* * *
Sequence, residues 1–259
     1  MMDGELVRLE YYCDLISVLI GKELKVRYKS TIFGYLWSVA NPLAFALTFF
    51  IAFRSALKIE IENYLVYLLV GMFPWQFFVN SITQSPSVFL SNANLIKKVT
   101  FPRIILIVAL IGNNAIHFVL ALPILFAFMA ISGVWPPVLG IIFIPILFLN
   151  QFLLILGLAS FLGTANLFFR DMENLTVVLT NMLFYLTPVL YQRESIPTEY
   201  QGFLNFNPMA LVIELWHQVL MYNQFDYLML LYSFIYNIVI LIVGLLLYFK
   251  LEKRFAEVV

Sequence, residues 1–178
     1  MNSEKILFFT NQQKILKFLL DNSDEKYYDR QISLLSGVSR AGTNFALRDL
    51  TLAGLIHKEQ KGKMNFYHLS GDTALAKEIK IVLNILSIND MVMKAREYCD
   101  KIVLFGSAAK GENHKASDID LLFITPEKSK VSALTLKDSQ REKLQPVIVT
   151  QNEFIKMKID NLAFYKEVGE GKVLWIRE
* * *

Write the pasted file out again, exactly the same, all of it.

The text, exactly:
Sequence, residues 1–259
     1  MMDGELVRLE YYCDLISVLI GKELKVRYKS TIFGYLWSVA NPLAFALTFF
    51  IAFRSALKIE IENYLVYLLV GMFPWQFFVN SITQSPSVFL SNANLIKKVT
   101  FPRIILIVAL IGNNAIHFVL ALPILFAFMA ISGVWPPVLG IIFIPILFLN
   151  QFLLILGLAS FLGTANLFFR DMENLTVVLT NMLFYLTPVL YQRESIPTEY
   201  QGFLNFNPMA LVIELWHQVL MYNQFDYLML LYSFIYNIVI LIVGLLLYFK
   251  LEKRFAEVV

Sequence, residues 1–178
     1  MNSEKILFFT NQQKILKFLL DNSDEKYYDR QISLLSGVSR AGTNFALRDL
    51  TLAGLIHKEQ KGKMNFYHLS GDTALAKEIK IVLNILSIND MVMKAREYCD
   101  KIVLFGSAAK GENHKASDID LLFITPEKSK VSALTLKDSQ REKLQPVIVT
   151  QNEFIKMKID NLAFYKEVGE GKVLWIRE